Northanger Abbey by Jane Austen

Northanger Abbey

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Northanger Abbey is a relatively short and unique book by Jane Austen.  Though it’s not my favorite work of hers, I appreciate the wit and social commentary that went into it.  There are themes that are still applicable today.  In this story, Catherine Morland is a young lady who has no very special traits that would distinguish her from any other girl.  She likes to be outdoors; she dislikes serious reading and adores gothic novels; she is utterly naïve.

When Catherine’s close neighbors go to Bath, she is invited to accompany them.  She enjoys her introduction into city life, and meets a man whom she comes to admire.  His name is Henry Tilney and he has a sister, Eleanor, who befriends Catherine.  Catherine is invited to stay with Eleanor for a visit at the family’s home–Northanger Abbey.  The visit is encouraged by Henry and Eleanor’s father, General Tilney, because he believes Catherine to be a good match for his son.  When he finds out that Catherine is in fact not rich, he kicks her out of the house to make her own way home.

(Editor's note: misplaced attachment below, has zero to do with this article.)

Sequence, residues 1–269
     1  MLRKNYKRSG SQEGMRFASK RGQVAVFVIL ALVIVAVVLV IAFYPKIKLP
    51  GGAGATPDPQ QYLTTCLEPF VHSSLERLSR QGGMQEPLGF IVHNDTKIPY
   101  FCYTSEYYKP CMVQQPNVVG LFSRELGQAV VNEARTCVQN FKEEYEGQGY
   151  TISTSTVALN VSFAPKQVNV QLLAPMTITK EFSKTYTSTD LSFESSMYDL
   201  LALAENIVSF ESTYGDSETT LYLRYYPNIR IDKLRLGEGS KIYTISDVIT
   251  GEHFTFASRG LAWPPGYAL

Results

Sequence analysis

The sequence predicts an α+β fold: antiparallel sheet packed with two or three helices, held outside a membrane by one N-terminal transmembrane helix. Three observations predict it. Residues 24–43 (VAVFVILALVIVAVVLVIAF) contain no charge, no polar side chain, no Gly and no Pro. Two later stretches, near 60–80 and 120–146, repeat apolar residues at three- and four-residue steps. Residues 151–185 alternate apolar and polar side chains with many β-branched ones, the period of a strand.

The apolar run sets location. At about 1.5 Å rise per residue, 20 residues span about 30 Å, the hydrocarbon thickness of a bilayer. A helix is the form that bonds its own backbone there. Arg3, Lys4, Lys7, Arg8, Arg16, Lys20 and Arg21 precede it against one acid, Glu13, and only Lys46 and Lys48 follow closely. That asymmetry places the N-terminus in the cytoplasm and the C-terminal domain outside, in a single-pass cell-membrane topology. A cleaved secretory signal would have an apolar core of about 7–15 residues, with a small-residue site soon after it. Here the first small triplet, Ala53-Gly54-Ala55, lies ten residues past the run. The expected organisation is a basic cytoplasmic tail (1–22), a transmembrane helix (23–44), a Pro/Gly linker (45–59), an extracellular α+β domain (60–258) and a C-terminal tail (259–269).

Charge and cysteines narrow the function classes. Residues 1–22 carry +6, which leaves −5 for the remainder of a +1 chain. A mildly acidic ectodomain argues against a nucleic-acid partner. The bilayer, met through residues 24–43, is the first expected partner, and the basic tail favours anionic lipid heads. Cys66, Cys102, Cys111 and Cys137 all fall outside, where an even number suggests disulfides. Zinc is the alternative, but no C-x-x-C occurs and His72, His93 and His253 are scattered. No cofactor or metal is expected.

Woven throughout this narrative, there is almost continual irony used to criticize social norms.  We also see Catherine coming of age as she falls in love with Henry.  Finally, Austen comments on the silliness of being obsessed with gothic novels and all of the flights of fancy that ensue.

If you’re looking for an easier way to ease into reading Jane Austen, this would be the book to start with.  I highly recommend this book as a fun, quick read in the classical literature genre.

Rating: 4 1/2 Stars

Until next time…





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